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EBioMedicine. 2016 Jun;8:103-116. doi: 10.1016/j.ebiom.2016.04.018. Epub 2016 Apr 20.

Glycosylation is an Androgen-Regulated Process Essential for Prostate Cancer Cell Viability.

Author information

Institute of Genetic Medicine, Newcastle University, Newcastle upon Tyne NE1 3BZ, UK. Electronic address:
Bioinformatics Core Facility, Institute for Cancer Genetics and Informatics, The Norwegian Radium Hospital, Oslo University Hospital, Oslo, Norway.
Institute of Genetic Medicine, Newcastle University, Newcastle upon Tyne NE1 3BZ, UK.
Interdisciplinary Computing and Complex BioSystems Research Group, Newcastle University, Newcastle upon Tyne, UK.
Institute of Genetic Medicine, Newcastle University, Newcastle upon Tyne NE1 3BZ, UK; Northern Genetics Service, Newcastle Upon Tyne NHS Foundation Trust, International Centre for Life, Newcastle upon Tyne, UK.
NIHR Exeter Clinical Research Facility, RD&E NHS Foundation Trust, UK.
Department of Pathology, RD&E NHS Foundation Trust, UK.
Exeter Surgical Health Services Research Unit, RD&E NHS Foundation Trust, UK.
Department of Urology, Royal Devon and Exeter NHS Foundation Trust, Exeter, UK.
Institute of Biomedical and Clinical Sciences, University of Exeter, Devon EX1 2LU, UK.
Cancer Research UK Beatson Institute, Glasgow G61 1BD, UK; Institute of Cancer Sciences, University of Glasgow, Glasgow G12 8QQ, UK.
Northern Institute for Cancer Research, Newcastle University, Newcastle upon Tyne NE2 4HH, UK.
Prostate Cancer Research Group, Centre for Molecular Medicine Norway (NCMM), University of Oslo and Oslo University Hospitals, Oslo, Norway; Departments of Molecular Oncology, Institute of Cancer Research and Radium Hospital, Oslo, Norway; PCUK/Movember Centre of Excellence for Prostate Cancer Research, Centre for Cancer Research and Cell Biology (CCRCB), Queen's University, Belfast, UK.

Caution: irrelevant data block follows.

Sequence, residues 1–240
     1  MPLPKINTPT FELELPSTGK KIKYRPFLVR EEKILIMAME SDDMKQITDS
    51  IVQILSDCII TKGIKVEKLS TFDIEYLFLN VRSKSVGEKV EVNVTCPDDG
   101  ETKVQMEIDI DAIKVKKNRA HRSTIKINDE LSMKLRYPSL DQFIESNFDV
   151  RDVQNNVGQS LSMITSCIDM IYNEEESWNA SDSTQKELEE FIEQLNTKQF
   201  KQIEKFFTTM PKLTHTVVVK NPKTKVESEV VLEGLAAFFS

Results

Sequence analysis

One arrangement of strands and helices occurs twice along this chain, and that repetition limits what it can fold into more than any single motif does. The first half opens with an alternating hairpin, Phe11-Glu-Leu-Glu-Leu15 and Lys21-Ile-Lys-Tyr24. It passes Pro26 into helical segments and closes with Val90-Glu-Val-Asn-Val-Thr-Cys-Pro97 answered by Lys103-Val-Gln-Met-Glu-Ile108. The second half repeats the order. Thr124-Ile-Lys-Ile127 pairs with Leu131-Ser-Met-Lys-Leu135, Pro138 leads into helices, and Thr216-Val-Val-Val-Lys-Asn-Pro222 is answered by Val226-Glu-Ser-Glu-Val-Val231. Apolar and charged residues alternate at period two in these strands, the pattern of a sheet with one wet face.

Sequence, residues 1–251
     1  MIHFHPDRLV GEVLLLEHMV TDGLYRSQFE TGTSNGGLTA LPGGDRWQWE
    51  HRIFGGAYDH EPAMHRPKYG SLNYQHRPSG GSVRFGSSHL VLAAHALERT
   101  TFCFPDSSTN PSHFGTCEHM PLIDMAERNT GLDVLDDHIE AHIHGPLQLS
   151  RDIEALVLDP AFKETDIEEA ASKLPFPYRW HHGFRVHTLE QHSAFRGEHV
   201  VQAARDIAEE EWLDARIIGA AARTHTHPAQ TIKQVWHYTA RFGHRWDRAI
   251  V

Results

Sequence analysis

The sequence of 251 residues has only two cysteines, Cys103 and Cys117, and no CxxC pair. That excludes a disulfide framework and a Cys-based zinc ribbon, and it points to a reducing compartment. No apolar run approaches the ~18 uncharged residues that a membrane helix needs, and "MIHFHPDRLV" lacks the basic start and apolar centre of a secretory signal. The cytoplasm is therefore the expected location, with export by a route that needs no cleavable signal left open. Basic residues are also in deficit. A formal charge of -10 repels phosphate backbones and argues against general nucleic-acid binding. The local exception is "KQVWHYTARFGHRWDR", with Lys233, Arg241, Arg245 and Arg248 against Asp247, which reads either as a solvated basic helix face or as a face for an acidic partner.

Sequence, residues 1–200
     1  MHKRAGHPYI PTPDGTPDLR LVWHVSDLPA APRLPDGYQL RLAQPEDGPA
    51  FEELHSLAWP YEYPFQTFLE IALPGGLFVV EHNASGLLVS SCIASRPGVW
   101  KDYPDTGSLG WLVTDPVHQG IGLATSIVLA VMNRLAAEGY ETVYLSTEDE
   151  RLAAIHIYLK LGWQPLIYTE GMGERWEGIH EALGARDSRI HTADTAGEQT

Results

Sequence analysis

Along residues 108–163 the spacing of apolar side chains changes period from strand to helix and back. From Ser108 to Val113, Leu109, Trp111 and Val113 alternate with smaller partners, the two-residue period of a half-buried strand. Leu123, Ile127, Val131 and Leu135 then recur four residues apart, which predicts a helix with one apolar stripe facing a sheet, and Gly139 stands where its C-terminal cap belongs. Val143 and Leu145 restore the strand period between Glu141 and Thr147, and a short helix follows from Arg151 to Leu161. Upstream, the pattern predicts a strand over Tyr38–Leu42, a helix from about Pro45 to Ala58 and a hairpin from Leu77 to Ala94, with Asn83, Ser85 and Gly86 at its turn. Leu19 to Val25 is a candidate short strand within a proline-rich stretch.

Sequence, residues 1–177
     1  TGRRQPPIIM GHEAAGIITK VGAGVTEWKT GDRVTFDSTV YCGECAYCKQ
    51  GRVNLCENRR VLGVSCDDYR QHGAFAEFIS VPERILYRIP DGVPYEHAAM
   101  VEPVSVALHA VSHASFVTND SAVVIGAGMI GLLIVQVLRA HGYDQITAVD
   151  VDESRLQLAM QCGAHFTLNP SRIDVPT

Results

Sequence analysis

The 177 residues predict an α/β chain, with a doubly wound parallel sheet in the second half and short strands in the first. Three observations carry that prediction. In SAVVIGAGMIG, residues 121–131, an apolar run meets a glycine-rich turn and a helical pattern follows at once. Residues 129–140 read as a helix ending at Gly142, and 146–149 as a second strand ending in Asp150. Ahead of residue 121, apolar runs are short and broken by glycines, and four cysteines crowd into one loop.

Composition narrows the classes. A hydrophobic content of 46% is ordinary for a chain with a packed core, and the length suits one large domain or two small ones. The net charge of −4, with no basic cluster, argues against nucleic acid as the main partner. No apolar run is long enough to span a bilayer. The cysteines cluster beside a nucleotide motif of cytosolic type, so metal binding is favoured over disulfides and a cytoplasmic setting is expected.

Barts Cancer Institute, Queen Mary University of London, John Vane Science Centre, Charterhouse Square, London EC1M 6BQ, UK.


Steroid androgen hormones play a key role in the progression and treatment of prostate cancer, with androgen deprivation therapy being the first-line treatment used to control cancer growth. Here we apply a novel search strategy to identify androgen-regulated cellular pathways that may be clinically important in prostate cancer. Using RNASeq data, we searched for genes that showed reciprocal changes in expression in response to acute androgen stimulation in culture, and androgen deprivation in patients with prostate cancer. Amongst 700 genes displaying reciprocal expression patterns we observed a significant enrichment in the cellular process glycosylation. Of 31 reciprocally-regulated glycosylation enzymes, a set of 8 (GALNT7, ST6GalNAc1, GCNT1, UAP1, PGM3, CSGALNACT1, ST6GAL1 and EDEM3) were significantly up-regulated in clinical prostate carcinoma. Androgen exposure stimulated synthesis of glycan structures downstream of this core set of regulated enzymes including sialyl-Tn (sTn), sialyl Lewis(X) (SLe(X)), O-GlcNAc and chondroitin sulphate, suggesting androgen regulation of the core set of enzymes controls key steps in glycan synthesis. Expression of each of these enzymes also contributed to prostate cancer cell viability. This study identifies glycosylation as a global target for androgen control, and suggests loss of specific glycosylation enzymes might contribute to tumour regression following androgen depletion therapy.

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